Despite three senior silks throwing their weight behind incorporation, the head of the NSW Bar has told Lawyers Weekly that barristers wanting reform are motivated by self-interest.
On Monday and yesterday (12 +13 August), members of the NSW Bar Association received a letter urging support for changes that would permit barristers to practise through single-member corporate entities.
Lawyers Weekly has a copy of that letter, which was penned by Don Grieve QC, Robert Sheldon SC and Clive Steirn SC, and which urges members to cast a proxy vote in favour of that motion.
“The opponents of change have always been able to stifle this reform by creating doubt about whether the benefits of incorporation are worth having,” wrote the three eminent silks. “As a result debate becomes bogged down in technical arguments about taxation and limited liability, which can have little value because the pros and cons of incorporation vary greatly depending on individual circumstances.”
Earlier this year, barrister John Hyde Page from Sydney’s 5 Selborne Chambers launched an ambitious campaign to push through reforms that would enable barristers to operate as companies, potentially saving them thousands of dollars in tax bills.
Senior barristers the ilk of Tony Martin SC, Selwyn Gibb SC and Hugh Marshall SC were among scores of signatories to a petition calling on the NSW Bar Association to consider a resolution to amend NSW Barrister rules to permit individual barristers to offer legal services through a single-member, sole-director company formed under the Corporations Act 2001.
Members will vote on the proposed changes at a general meeting of the Bar Association that has been called for 5.15pm on Tuesday 17 September.
Phillip Boulten SC, the president of the NSW Bar Association, has consistently opposed moves for incorporation since Hyde Page first floated the idea.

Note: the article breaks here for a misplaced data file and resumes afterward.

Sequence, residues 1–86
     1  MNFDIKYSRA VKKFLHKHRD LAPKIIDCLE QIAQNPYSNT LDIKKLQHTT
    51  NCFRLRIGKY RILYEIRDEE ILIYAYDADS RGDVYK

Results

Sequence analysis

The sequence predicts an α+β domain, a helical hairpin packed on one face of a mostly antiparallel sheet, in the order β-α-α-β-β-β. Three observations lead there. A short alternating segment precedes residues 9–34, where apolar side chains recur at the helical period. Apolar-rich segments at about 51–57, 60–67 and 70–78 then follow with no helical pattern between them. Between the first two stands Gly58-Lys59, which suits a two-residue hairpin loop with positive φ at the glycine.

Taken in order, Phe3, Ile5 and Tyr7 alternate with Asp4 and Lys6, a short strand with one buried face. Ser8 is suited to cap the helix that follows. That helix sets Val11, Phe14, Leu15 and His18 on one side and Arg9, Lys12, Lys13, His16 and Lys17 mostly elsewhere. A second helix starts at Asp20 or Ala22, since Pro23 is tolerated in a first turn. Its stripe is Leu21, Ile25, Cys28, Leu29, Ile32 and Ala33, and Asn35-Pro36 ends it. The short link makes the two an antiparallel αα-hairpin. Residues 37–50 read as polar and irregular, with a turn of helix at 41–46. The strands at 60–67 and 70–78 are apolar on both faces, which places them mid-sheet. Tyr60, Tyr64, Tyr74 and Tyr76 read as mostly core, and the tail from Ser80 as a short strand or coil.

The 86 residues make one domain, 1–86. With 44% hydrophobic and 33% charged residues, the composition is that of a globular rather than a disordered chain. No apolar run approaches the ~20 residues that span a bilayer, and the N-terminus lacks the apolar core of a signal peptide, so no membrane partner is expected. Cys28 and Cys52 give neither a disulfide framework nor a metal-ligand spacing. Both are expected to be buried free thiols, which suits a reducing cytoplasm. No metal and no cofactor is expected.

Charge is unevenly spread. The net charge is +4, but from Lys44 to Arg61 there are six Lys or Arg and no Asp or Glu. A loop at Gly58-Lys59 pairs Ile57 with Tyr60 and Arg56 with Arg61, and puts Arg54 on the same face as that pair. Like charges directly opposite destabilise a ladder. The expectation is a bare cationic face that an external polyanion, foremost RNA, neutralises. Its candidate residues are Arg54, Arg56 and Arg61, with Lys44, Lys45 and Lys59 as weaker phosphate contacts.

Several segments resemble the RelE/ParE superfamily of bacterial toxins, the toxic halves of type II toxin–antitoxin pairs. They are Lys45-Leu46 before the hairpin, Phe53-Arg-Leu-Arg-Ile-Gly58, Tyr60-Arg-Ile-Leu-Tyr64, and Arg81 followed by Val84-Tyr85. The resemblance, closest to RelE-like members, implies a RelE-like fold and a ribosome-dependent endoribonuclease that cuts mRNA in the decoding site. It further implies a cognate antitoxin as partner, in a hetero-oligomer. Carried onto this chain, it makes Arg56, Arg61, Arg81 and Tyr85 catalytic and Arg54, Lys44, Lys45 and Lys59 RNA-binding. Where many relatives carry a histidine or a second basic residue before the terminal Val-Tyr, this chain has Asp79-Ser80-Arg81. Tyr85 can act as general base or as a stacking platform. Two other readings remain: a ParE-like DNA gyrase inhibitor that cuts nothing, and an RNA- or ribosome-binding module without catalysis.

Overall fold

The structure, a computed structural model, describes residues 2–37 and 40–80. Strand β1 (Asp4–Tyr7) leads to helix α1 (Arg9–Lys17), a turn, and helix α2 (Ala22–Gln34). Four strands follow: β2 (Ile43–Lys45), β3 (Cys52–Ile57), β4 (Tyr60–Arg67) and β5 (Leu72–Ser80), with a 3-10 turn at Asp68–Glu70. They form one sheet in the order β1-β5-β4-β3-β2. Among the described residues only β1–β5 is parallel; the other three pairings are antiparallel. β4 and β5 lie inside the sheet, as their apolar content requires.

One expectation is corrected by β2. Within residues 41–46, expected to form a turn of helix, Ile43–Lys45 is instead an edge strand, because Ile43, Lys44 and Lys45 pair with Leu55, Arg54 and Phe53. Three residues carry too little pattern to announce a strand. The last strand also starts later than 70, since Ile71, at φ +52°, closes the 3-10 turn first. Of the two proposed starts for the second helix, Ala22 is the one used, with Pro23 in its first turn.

He told Lawyers Weekly that the motives behind the push for incorporation are inherently selfish. He said the proponents of incorporation are motivated by the goal of reducing a barrister’s taxable income while providing no discernible benefit to the community.
“If they change the rules of barristers’ practice, there has to be a reason for that which benefits our clients and the whole community,” said Boulten.
“To change the rules for tax reasons, and for tax reasons alone, is an unacceptable reason for changing the rules of barristers’ practice.”
Hyde Page (pictured left) has maintained that incorporation would benefit the community by putting downward pressure on fees.
“Of course it will take pressure off legal fees,” he told Lawyers Weekly in a statement. “If a barrister’s after-tax income increases by $25,000 plus instantly, then there is less reason to increase fees.
“There are plenty of silks who would save more in the order of $100,000 per year. The clients will love it.”
Hyde Page, a former lawyer at Clayton Utz who joined the Bar in 2010, also dismissed any concerns that incorporation would see a conflict emerge between an incorporated barrister’s twin duties to the company and the court.
“I don’t accept the ethics argument,” wrote Hyde Page. “A barrister’s duty to the court can easily co-exist with the ordinary duties of a director/shareholder.
“If you look at the authorities, the notion of ‘proper corporate purpose’ is definitely broad enough to accommodate our duty to the court.”
In NSW, solicitors have been able to incorporate for more than a decade, and barristers in New Zealand have been permitted to incorporate since 2006.
Boulten scotched any notion that comparisons with the rules of practice governing solicitors or barristers in New Zealand give weight to the pro-incorporation argument.
“New Zealand has a merged profession – there is no practical difference between barristers and solicitors,” he said.
“If they [incorporation supporters] want to go and become solicitors, they can go right ahead.”
Boulten also said that if the rules of practice for barristers are changed in NSW it could possibly breach the Income Tax Assessment Act 1936.
The pro-incorporation camp is expected to request that the vote for incorporation be a secret ballot.
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